A child’s education is the backbone of any society. From the richest country in the world, to the poorest, without an educated population following behind, that country will not grow. From poetry, to science fiction, educating a child’s mind produces what we as a society will be exposed to and learn from. Ancient myths were the first tools used to teach our children where we came from and how the world around them came to be. Then there were the Greeks, introducing writing and a way to record our thoughts more accurately. With each generation, new concepts were discovered to teach with. It wasn’t until the invention of the movable type printing press in the 1400’s, that more children had a better chance for an education. Cheaper production meant less expenses, and more opportunities for widespread publication of books and reading material. The Bible was still the main teaching format used, but the printing press allowed more people to own their own bible. Most writing was still directed toward the adult population, but slowly, adults started realizing there was a need for information directed toward the child, more easily understood. By the mid-eighteenth century a man named John Newberry came along with the idea of creating books specifically for the child, publishing “A Little Pretty Pocket Book” in 1744”. This opened a whole new era for children wanting to read. Although the didactic element was the mainstay of literature for children, folktales were making a comeback as early as 1729. Old standbys, like Mother Goose, and Little Red Riding Hood, were still favorites for the young ones. The Industrial Revolution brought about some big changes in children’s literature. Boy’s adventure stories became popular, but the British versions were not as well accepted by the Americans. The American boys liked stories set in their own wild west. Illustrations in most books, up to this time, were still crude and not defined. It wasn’t until the end of the nineteenth century when the artwork in children’s books started to come alive. Literature does play a crucial role in our society. It molds young minds, and is a way to tell a story. Anything is possible in writing, whether it's sword-fighting, enchanting fiction, or striking poetry, or impacting someone in a matchless way with something real and genuine. It brings the world to life. It is the story that stands the test of time, it is able to form and touch lives in different ways, and broaden ones horizons to learn more, understand more, and think more. No matter what genre you tend to favor, it is important to have a strong foundation and a thorough knowledge of the content of what you read. The ideas and concepts we put into our minds affect us, and we need to use discretion and wisdom in what we allow. Our history is covered with priceless, as well as trashy literature, and though it's important to partake in the history of our society and culture, and to understand the trends of the past in order to benefit the future, choose those which do not bloat, sicken, or disgust. Every infant is born into a unique culture which will have many influences on every aspect of the development of the child. Culture influences the fundamentals of development. To have culture is to have roots in the Earth. Culture often has enrooted values, aspirations, expectations, practices, and virtues. The culture of the family or families often helps to aid the development character of the child. A family’s cultural presence prescribes the norms taken to determine how and when a child is fed, how they sleep, and behavior. Culture is a manual to help aid development. Inuit Culture has strong roots in the Arctic region. Inuit communities are found in the Arctic, in the Northwest Territories, Labrador and Quebec in Canada, above tree lines in Alaska, where people are called the Inupiat and Yupik, and in Russia, where people are called the Yupik people. In some areas, Inuit people are called “Eskimos” however many Inuit find this term offensive. The word “Inuit” means “the people” in the Inuktitut language. It is important to keep the traditions alive with the Inuit people. The Inuit beliefs and stories need to be preserved in order to keep the culture alive. Without these elements the rituals and dances would be meaningless. It is important to teach this at a young age to expose the children of their heritage so they can be proud of their ancestry. Bathe children, at the earliest age, in their ancestry because once exposed to western civilization it may be hard to go back. In the Tundra the individual has to work to survive. In the town and cities everything is so accessible that it is easy to become lazy and dependent upon the resources available. The Tundra is a lot of work and is becoming more populated. This is a reason to expand the Inuit people on other possibilities for their children. It is already a requirement by the government that all children need to go to school that emphasize non-native traditions. This transition can be hard because the children have to be up rooted from home and placed in a boarding school for 9 months out of the year. The children are being taught two different words. One is traditional and the other is westernized. Literature in a pluralistic society should be universal and non-bias since the information presented is for all cultures and ways of life. Yet the educational systems push one way or the other. Putting that divider up and creating them verses us scenarios. If the child decides later in life to live in absents of the Tundra or wish’s to go on with his education then they can make that decision, and the schools need to prepare them for such life, since their parents only knew of the life of their ancestors. The education system has been in place since after World War II. The people remaining made the decision to live the life of their ancestors and have probably never seen a fast-food restaurant. Yet they should prepare their children for something they to know nothing about. First books for children should be picture and pop-ups of traditions and culture. Perhaps make a book that represents their culture. For example, put deer hide on a page so the children can become more familiar with the main animal herded and worn in the Tundra. Folk lecture in the Inuit culture is full of life lessons to learn. For example, the story of the sea, which tells a story of an Inuit hunter as he was coming over the ridge as an elder dressed in white hides, comes across him and opened his eyes to a much broader view of life. Afterwards the elder turned and walked away. In the distance, the hunter sees the elder turn into a white rein deer and vanishes out of sight. The creation of the sun and moon revolves around a fight between brother and sister, a situation found in modern day sitcoms. Other stereotyping includes the idea that all Eskimos live in igloos. Simply not true anymore. This was once the only way to afford protection against the elements for a family because there was no other building material available. Most Inuit people live in wood framed housing nowadays. Stereotyping has been used in advertising since the 1800’s in America. More recently, articles about the new healthcare laws have been published in the New Yorker showing an Inuit grandson pushing his 90 year old grandfather off into oblivion, on an ice cube because he did not have insurance. The most obvious examples would be the Eskimo Pie, an ice cream sandwich loved by many. Whenever someone wants to show a scene of cold weather, you will usually find a picture of a round faced Eskimo wearing a fur lined parka hood, and a picture of an iceberg in the background. Reading through history has caused a bit of a stir when concerning aboriginal tribes. Thinking of such, when we think Indians, we already take on the impression of deer skin loin cloth, moccasin, and chief headdresses. Interesting how we assume that when many different cultures are not in that fashion, in fact they are vastly different. No matter the tribe we assume something in correlation to the continent they live in. Eskimo’s are seen as heavy fur wearing, whale hunters, or Coca-Cola commercials with the polar bear. It is not just the stereotyping that shines on them but who they are, the kind of cultures they possess, and how they share their history. The Eskimo’s or Inuit, meaning one person, are rather impressive as they have survived an extremely harsh environment. They originate from the north western parts of Canada and Alaska. For centuries they have had time to learn and adapt to their cold environment in the north. Their whole society survives off of a diet consisting of meat. As written by Alia Hoyt “Inuit adapted long ago to the harsh artic conditions. Throughout history, the Inuit relied much more heavily than the rest of the world on animals for nourishment, largely because plants just can't grow where they live.”(Pg. 1, Para. 2) (2013). Since artic weather conditions make it virtually impossible it is hard to have what we have now. Most of the world assumes that they have a similar division system. They do not, as they all have a shared interest, in the survivability of the tribe. Living without the class restrictions is far more plausible than having something that divides and creates tensions when cooperation is needed. This applies as well as to how their stories are told. The only cultural similarity that the Inuit have to Native Americans in the U.S. is that they both have told their stories through oral story telling. The later transition to printing their stories have been making any contemporary stories of realistic fiction and nonfiction difficult. Since the transition the Inuit have had outsiders telling people about their history and traditions. As Alia Hoyt states, “There have been a handful of other books published over the years such as Markoosie's Harpoon of the Hunter or Peter Pitseolak's Escape from Death but they were not specifically children's books and although beautifully produced, have not remained visible.”(Pg. 1, Para. 2) (2013). Through research the only books found are a few written books that have portrayed the actual heritage of the Inuit. Most of the stories presented to the general public are from outsiders who in turn, without realizing, have misconstrued their history. As Joanne Schwartz writes, “For the Inuit though, the book must pale in comparison to the heady, almost sensual experience of oral storytelling. Compared to the power of a community gathering or an intimate telling while a blizzard rages outside, a book must seem like a static object that has little connection to the visceral experience.”(Pg. 1, Para. 4)(2013). The meaning, of the above mentioned statement, is that in order for people to try to understand the written history the actual text they must be written in their language and culture. This cannot happen as the story told from their oral traditions lacks in comparison to what is written for the world to understand. Though many people may not understand the cultural heritage of the Inuit’s, keeping their stories valid provides people, reading them, with an understanding of the culture itself as a whole. Even the many folktales and stories can be seen as an invitation to their world through their eyes. Most of the Inuit’s that we have referred to as Eskimos have multiple tales of fantasy and adventure. The University of Saskatchewan provides a vast library of art and literature teaching and providing the information needed to see the Inuit people through a better light than just ignoring the stories they have accumulated. Fantasy literature, for the Inuit’s, are difficult to find unless you look for non-Inuit writers. Most of the actual writings for Inuit’s, as researched, provide no reference to Fantasy literature for the Inuit people. Although some writers of fantasy literature, for the Inuit people, are presented in The University of Saskatchewan, from which you can buy the only issue, is that they do not always reflect the culture of Inuit’s as their folktales do. Most generally, people cannot view a specific race or culture by the stereotypes they are given, nor can they ignore the literature they provide. Why or what reason should someone share the tales and stories of Inuit’s? One reason for understanding a culture is that people must see the mistakes, the great advancements, and even the other people around themselves. This type of understanding can shed light on understanding ones selves, and to one’s own culture. Just as people understand some of others cultural heritages, people still have room to learn more. Just as if Inuit’s were to provide that same door to Inuit they can learn to see that they too can learn from their own culture as well as their own people. In the end, stories for children help to open their minds and learn right from wrong. Children seek all types of answers to questions as well as advice for many different areas of life. Without stories, such as the one mentioned within this paper, children would have to solely rely on their elders and for the most part, that can be a good thing or a bad thing. The story mentioned above is a prime example for children to follow as it teaches the children how stereotypes are not ok, when used in the wrong manner, and that everyone is equal besides skin color.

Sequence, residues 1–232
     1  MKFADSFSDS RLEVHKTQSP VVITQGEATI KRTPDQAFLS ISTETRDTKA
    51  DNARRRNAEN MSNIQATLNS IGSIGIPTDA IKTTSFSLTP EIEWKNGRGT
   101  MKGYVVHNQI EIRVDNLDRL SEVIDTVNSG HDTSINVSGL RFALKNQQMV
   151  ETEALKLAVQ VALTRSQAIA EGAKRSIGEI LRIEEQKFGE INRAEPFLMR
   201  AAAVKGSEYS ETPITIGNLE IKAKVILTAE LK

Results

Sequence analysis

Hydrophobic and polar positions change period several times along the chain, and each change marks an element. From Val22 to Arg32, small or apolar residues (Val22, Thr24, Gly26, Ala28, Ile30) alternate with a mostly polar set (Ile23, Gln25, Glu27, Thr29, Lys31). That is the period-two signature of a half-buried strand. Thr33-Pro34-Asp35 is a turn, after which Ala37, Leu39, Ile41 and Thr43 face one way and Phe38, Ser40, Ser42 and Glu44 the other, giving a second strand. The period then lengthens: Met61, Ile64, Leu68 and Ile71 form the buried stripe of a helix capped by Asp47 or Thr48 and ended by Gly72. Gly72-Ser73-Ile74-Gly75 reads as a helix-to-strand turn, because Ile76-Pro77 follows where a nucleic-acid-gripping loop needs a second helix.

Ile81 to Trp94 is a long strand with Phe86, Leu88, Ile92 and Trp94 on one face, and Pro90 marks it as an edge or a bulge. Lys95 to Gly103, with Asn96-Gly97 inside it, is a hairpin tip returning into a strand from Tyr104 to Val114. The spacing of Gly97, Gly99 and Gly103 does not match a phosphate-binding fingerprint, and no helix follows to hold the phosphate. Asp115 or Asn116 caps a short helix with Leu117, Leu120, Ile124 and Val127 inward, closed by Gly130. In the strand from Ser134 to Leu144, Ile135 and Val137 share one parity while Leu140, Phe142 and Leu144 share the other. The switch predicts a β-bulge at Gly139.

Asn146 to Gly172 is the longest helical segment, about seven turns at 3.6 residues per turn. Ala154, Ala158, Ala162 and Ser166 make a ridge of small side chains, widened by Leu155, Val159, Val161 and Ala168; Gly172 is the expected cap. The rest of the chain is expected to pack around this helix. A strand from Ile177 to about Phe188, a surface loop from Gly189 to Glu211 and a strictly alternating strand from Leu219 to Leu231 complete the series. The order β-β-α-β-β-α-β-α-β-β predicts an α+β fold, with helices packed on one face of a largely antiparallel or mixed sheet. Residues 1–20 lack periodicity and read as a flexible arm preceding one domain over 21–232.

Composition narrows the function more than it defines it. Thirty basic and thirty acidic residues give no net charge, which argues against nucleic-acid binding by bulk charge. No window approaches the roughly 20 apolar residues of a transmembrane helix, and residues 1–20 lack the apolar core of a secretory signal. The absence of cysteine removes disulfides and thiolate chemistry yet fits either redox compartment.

References
Hoyt, A. (2013). How Igloos Work. Retrieved from http://people.howstuffworks.com/igloo.htm Schwartz, J. (2013). Transmitting Oral Culture to the page: the Emergence of Inuit Children's Books. Retrieved from http://www.ibby.org/index.php?id=1135
University of Saskatchewen. (2013). University library Catalogue. Retrieved from http://sundog.usask.ca/search~s8?/xd:(inuit+folklore)+or+d:(inuit+legends)&searchscope=8&sort=d&b=educ/xd:(inuit+folklore)+or+d%3a(inuit+legends)/1%2c46%2cb/frameset&ff=xd:(inuit+folklore)+or+d:(inuit+legends)&searchscope=8&sort=d&b=educ&&1%2c1%2c